[CT Birds] Boston Hollow/Yale Forest updates
Mntncougar at aol.com
Mntncougar at aol.com
Tue Jun 7 20:11:53 EDT 2016
After my post of a few days ago I received some info from fellow birders.
Ravens: I was told that the Ravens did, in fact, have a successful nest
this year and successfully fledged some young. But it was very early, before
I got home from out west. I'd guess that was because of the abnormally
mild winter we had. The fledglings had to have left the nest before May 22,
because that was the first day I was there and it was very quiet. Usually
there is a real ruckus around the time the chicks are ready to fly and shortly
afterwards. The earliest I have previously observed the nestlings fledging
was June first, and usually the first week of June.
Red-shouldered Hawks: before I got home from out west three chicks had
been seen in the nest, not the 2 I reported. I checked the pictures I took
last week, and in 4 frames out of the 71 I took there is any eye staring at me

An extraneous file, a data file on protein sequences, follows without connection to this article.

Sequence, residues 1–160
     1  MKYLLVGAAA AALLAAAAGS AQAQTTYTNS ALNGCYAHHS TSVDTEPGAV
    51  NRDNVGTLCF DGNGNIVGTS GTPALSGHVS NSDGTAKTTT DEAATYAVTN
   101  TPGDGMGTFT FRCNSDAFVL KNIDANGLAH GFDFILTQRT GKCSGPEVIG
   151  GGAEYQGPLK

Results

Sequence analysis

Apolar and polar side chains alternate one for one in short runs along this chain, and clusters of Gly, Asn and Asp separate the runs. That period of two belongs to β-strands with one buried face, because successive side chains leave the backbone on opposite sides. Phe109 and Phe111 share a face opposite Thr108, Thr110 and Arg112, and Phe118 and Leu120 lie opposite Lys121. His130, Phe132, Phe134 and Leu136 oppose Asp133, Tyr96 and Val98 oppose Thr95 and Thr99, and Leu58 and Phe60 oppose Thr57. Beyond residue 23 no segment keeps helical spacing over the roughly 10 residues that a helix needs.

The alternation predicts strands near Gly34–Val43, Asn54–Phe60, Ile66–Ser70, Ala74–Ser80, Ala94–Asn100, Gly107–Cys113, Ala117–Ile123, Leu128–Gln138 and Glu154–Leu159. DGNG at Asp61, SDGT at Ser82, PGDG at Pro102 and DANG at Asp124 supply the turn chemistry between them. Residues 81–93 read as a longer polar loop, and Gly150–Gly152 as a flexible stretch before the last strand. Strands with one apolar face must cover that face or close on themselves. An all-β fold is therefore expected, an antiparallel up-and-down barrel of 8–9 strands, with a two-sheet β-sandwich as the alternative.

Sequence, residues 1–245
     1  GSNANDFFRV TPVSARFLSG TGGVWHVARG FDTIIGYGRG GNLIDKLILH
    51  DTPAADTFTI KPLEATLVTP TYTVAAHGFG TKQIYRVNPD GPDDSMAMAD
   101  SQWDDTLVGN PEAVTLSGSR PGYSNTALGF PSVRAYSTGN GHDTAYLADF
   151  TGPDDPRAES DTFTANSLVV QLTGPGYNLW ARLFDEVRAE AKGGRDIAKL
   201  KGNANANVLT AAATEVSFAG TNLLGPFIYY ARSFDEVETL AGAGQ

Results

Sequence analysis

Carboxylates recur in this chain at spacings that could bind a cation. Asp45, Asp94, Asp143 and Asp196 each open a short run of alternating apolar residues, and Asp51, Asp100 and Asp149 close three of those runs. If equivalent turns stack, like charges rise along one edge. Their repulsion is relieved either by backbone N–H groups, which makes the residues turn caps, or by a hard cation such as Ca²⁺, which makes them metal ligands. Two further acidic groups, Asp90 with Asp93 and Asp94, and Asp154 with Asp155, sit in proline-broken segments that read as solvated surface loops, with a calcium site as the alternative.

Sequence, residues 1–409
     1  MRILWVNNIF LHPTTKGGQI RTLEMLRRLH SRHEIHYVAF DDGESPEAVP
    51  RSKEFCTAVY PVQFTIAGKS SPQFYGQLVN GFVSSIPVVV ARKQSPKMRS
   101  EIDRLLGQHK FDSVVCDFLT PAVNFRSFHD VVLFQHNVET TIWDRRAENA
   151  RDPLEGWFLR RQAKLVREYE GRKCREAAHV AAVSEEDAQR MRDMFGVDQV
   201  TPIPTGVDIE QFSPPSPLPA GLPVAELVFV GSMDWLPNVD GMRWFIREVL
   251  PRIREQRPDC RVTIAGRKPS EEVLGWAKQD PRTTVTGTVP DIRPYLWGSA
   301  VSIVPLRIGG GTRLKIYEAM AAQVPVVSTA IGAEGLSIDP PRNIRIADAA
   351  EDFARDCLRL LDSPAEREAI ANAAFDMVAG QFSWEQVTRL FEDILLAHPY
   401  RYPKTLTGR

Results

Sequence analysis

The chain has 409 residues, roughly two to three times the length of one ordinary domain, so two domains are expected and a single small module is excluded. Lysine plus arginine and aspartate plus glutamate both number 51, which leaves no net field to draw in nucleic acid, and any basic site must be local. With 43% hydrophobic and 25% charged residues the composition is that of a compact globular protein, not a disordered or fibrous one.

from between the other two nestlings.
Yesterday morning I could see the head of one nestling in the nest. But an
immature bird was standing on a branch in the tree, about 20 feet from
the nest. I don't know that it can fly yet, but it has left the nest. No sign
of the third bird and it is possible it has already departed. They were
pretty big a week ago.
CANADA WARBLERS: I am amazed at what's going on there. Yesterday I
counted at least 20 singing males, and I didn't complete my normal route because
of time constraints. I don't believe I ever found more than 6 or 7 in one
day before this year. And many of the birds are in locations I've never
found them before, sometimes more than one.
it almost seems like there was a fall-out of Canada Warblers. Now I can't
wait to see how many stay and actually set up housekeeping. I can only
assume there are more females than usual as well.
However, judging by the songs, I think some of the singing males may be
this year's fledglings! In past years I have heard many birds that I thought
were probably 1st year birds because they sang songs totally unlike the
normal adult. And often they are singing in concert with or seemingly in
response to birds singing normal adult songs. Yesterday I heard several such
birds. Perhaps they also nested early this year because of the mild winter.
Winter Wren: Yesterday I finally found a second singing male, in an area I
have often found them in years past. Still hoping for more.
Don Morgan, Coventry, Ct.
mntncougar at aol.com
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